China Slowdown May Hurt Resource-Rich Angola, Congo: IMFRene Vollgraaff
Angola, South Africa, the Republic of Congo, Equatorial Guinea and the Democratic Republic of Congo are most at risk in Africa from a slowdown in China’s economy, the International Monetary Fund said.
Estimates from the Washington-based lender show that a 1 percentage point increase in China’s domestic investment growth leads to a 0.8 percentage point rise in the export growth rate of the five resource-rich African nations, the IMF said in a report today.
China has become Africa’s biggest trading partner in recent years and a key provider of investment and aid amid surging demand for commodities such as oil, copper and platinum to sustain growth in the world’s second-largest economy. A slowdown in global demand this year and capital outflows from emerging markets have prompted China to pare its growth ambitions. The government is targeting annual expansion of 7 percent this decade, compared with the 10.5 percent average pace of the last 10 years.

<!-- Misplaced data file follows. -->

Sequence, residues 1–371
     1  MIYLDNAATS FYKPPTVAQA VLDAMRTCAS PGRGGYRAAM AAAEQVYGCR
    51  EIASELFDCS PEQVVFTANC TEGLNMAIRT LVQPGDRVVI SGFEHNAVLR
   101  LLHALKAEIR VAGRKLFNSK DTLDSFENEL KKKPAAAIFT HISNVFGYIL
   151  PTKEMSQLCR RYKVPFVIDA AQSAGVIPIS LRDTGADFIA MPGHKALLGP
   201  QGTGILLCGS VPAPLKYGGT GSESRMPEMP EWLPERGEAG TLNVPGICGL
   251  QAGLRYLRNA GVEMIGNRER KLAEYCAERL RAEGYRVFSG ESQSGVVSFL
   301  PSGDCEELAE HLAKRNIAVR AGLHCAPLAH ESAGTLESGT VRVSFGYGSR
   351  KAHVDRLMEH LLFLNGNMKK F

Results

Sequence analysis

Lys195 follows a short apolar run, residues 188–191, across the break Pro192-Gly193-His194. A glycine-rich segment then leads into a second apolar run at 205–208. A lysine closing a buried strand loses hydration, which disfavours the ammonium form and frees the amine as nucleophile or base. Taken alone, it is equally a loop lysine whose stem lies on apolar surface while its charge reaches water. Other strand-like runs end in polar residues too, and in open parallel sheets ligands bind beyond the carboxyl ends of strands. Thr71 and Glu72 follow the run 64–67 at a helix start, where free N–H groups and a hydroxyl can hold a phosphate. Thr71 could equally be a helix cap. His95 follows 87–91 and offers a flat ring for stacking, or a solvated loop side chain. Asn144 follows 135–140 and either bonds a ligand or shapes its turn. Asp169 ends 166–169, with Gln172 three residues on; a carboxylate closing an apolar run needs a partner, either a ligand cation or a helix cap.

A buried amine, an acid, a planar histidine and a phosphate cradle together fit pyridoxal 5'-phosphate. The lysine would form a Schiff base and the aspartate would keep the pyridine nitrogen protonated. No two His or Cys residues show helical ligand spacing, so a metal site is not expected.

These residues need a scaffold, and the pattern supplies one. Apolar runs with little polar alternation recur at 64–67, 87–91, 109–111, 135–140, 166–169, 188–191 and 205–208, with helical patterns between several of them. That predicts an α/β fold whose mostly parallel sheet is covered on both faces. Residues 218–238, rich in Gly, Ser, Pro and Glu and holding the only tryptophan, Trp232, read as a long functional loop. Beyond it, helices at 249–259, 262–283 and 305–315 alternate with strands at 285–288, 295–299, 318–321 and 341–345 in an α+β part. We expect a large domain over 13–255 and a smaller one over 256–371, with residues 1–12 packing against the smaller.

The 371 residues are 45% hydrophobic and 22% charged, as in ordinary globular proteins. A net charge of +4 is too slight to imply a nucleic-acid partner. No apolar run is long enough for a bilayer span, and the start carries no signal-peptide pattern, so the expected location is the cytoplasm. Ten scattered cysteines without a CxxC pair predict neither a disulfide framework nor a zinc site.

“Rising linkages with China have supported growth but also expose sub-Saharan African countries to potentially negative spillovers from China if its growth slows or the composition of its demand changes,” the IMF said in its Regional Economic Outlook for Africa.
The IMF’s estimates, based on data from the past 15 years, show that a 1 percentage point increase in China’s real domestic fixed asset investment has increased sub-Saharan Africa’s export growth rate on average by 0.6 percentage point.
Angola is sub-Saharan Africa’s biggest oil producer after Nigeria, while South Africa is the world’s top platinum producer and also exports commodities such as iron ore and coal to China.
Sub-Saharan Africa’s economy will probably expand 5 percent this year and 6 percent in 2014, the IMF said. China’s gross domestic product is forecast to increase 7.6 percent in 2013 and 7.3 percent in 2014, the lender said in its World Economic Outlook on Oct. 8.
A sustained deceleration in the economies of sub-Saharan Africa’s new emerging-market partners, particularly China, “could pose some challenges for sub-Saharan Africa as it attempts to sustain its own vigorous growth, especially in the context of subdued prospects for overall global growth,” the IMF said.